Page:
How to Get Rid of Milia on Your Face — and Prevent Them

How to Get Rid of Milia on Your Face — and Prevent Them

Those stubborn white bumps on your face that refuse to go away? While these "milk spots" or "oil seeds" are often mistaken for whiteheads, they're actually a common skin condition called milia.

These tiny pearl-like bumps that form under the epidermis aren't considered acne. In fact, you can get milia at any age — even as a newborn.

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Milia is a cosmetic issue that eventually goes away on its own, but there are ways to treat it. Here, we turned two experts to find out how to get rid of milia and whether or not you can't prevent it in the first place.

What Is Milia?

Derived from the Greek word for “seed,” milia forms when a buildup of dead skin cells, keratin, and sebum get trapped beneath the skin surface, causing tiny raised white bumps. They’re typically found under the eyes, but can also appear in other areas of the face like the nose, chin, and apples of the cheeks.

"There is no exact cause for milia, it tends to run in families but anyone can be susceptible to milia regardless of skin type or age," says Dr. Michele Green, a cosmetic dermatologist in New York City.

How Do You Get Rid of Milia?

Unlike the whiteheads or blackheads, milia won’t budge, no matter how hard you squeeze. Using traditional topical acne treatments won't get rid of them either. "Milia are often mistaken for whiteheads but the distinction is they do not respond to acne medication or treatment and must be extracted by a dermatologist," Dr. Green explains. "You should not attempt to squeeze or try to extract them on your own as this can cause trauma to the skin and scarring."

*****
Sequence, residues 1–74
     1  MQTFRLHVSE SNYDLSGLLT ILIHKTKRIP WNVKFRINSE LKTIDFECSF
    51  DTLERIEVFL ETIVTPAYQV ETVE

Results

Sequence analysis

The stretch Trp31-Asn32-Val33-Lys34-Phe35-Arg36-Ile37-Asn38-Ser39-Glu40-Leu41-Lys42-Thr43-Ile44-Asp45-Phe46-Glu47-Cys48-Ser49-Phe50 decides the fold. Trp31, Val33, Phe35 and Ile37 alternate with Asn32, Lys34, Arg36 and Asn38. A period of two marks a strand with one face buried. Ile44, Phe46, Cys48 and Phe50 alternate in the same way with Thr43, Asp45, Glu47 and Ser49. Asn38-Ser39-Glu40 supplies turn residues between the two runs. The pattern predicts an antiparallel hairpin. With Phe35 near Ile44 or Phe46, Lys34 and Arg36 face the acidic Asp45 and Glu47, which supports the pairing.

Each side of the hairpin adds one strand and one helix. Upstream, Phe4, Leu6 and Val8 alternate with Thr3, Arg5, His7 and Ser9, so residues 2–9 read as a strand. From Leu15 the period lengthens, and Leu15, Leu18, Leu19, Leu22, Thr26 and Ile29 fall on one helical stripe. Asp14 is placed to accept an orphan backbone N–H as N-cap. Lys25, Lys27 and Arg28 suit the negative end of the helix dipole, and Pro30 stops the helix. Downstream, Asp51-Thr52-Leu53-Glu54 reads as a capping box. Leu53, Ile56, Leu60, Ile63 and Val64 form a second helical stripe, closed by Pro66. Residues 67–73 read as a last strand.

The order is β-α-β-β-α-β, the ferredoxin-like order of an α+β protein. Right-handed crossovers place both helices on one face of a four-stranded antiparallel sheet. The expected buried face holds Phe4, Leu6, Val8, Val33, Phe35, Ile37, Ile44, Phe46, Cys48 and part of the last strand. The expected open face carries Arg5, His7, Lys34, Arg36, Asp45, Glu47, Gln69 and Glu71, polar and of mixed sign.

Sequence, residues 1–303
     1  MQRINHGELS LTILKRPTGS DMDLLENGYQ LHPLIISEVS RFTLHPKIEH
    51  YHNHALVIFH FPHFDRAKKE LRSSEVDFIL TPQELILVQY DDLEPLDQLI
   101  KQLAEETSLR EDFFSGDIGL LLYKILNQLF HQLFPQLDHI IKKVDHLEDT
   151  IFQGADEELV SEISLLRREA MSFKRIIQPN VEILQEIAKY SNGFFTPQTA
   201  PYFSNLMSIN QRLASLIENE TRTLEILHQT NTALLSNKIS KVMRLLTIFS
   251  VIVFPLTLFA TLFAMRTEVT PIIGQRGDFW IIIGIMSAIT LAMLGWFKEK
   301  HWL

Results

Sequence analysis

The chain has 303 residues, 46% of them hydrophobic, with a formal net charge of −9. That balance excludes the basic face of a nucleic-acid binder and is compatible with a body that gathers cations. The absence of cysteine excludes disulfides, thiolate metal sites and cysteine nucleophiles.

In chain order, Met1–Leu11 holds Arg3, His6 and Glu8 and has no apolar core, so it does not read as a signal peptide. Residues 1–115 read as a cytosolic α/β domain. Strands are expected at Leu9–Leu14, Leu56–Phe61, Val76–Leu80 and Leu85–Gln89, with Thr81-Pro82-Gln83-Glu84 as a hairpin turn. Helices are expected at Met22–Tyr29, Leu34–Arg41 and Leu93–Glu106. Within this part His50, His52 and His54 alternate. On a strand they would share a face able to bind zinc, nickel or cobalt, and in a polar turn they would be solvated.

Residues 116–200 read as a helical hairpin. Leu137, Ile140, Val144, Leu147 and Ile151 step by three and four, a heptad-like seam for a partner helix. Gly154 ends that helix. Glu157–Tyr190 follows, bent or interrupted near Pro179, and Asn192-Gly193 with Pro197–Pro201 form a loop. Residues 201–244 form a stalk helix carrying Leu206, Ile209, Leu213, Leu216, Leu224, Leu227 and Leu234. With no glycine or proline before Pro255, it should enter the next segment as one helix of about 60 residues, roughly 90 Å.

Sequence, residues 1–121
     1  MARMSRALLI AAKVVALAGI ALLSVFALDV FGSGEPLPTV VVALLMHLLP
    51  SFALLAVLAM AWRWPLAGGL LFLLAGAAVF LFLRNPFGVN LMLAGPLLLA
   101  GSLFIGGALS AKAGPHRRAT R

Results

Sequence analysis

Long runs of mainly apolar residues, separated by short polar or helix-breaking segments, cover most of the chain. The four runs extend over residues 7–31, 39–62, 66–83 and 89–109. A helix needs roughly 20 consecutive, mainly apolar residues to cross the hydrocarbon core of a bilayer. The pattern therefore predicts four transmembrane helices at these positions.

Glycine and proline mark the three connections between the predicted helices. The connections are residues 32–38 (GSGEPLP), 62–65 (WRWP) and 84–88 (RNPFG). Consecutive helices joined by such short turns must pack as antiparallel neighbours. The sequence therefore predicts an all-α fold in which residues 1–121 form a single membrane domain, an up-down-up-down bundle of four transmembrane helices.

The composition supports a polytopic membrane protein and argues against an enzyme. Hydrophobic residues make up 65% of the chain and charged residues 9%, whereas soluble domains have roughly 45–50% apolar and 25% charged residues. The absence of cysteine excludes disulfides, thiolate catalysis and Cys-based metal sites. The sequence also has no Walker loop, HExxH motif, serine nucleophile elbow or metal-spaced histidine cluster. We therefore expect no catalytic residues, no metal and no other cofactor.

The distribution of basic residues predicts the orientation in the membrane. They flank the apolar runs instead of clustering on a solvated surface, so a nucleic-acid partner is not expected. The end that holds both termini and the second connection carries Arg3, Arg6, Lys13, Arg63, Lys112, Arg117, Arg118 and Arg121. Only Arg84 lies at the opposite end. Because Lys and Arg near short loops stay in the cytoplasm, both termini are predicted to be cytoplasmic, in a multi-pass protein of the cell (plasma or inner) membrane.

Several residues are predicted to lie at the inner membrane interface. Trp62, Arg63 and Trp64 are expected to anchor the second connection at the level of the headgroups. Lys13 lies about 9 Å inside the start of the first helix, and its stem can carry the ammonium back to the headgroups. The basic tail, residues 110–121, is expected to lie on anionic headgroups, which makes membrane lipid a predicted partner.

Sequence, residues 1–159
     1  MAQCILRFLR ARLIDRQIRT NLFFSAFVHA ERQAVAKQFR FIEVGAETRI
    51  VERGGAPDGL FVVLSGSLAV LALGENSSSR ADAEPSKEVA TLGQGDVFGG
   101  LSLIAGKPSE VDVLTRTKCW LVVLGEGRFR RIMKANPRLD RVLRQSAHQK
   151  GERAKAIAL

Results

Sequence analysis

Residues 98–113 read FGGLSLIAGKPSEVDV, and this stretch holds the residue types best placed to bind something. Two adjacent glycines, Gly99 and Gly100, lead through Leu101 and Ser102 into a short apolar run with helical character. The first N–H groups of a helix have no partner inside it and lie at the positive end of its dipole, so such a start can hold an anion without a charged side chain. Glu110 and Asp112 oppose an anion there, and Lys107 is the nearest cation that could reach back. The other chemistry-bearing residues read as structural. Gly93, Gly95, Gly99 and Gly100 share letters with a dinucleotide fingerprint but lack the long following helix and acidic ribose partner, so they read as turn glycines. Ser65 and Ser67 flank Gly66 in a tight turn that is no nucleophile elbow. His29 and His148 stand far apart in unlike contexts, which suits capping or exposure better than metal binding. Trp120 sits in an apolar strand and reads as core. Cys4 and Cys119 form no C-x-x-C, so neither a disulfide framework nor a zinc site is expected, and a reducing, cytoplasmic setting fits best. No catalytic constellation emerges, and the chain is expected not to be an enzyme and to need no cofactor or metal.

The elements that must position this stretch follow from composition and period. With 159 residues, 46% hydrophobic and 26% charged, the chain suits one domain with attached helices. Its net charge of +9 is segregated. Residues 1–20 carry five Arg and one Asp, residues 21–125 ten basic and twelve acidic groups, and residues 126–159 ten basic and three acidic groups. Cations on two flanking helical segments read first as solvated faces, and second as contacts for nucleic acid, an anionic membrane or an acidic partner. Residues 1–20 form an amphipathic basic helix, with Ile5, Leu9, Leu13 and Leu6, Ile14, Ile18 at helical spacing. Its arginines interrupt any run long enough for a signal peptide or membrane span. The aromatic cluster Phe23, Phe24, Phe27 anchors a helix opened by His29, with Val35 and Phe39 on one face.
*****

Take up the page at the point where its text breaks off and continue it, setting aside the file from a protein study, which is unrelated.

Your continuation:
So, what can you do about the milia around your eyes or on your cheeks? Make an appointment with your dermatologist who can safely extract them. "One of the most common treatments is to extract the milia using a small lancet that removes a tiny part of the skin over the milia," says Dr. Green. "Once the pore is open, it will allow your dermatologist to remove the contents of the milia." Electrodessication, an in-office treatment that uses an electrical current to remove skin lesions like skin tags, can also be used to extract milia.

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How to Prevent Milia

Avoid using products that contain mineral oil and petroleum, which can clog pores. Dr. Green suggests adding an exfoliator into your regular skincare routine to prevent the formation of milia.

After cleansing, "select a toner with alpha hydroxy acids like salicylic or glycolic – these ingredients facilitate cell turnover and remove dead skin cells," she says. "Finish by using a lightweight moisturizer, since moisturizing replenishes the skin and hydrates your skin cells." Look for a moisturizer with that's gel-based or lightweight, preferably with hyaluronic acid. "These elements provide your skin with the nourishment it needs without clogging the pores."

We're fans of Mario Badescu's Glycolic Toner, which resurfaces skin cells and contains soothing aloe vera. As for moisturizer, Neutrogena's Hydro Boost is a fast-absorbing gel moisturizer infused with skin-plumping hyaluronic acid.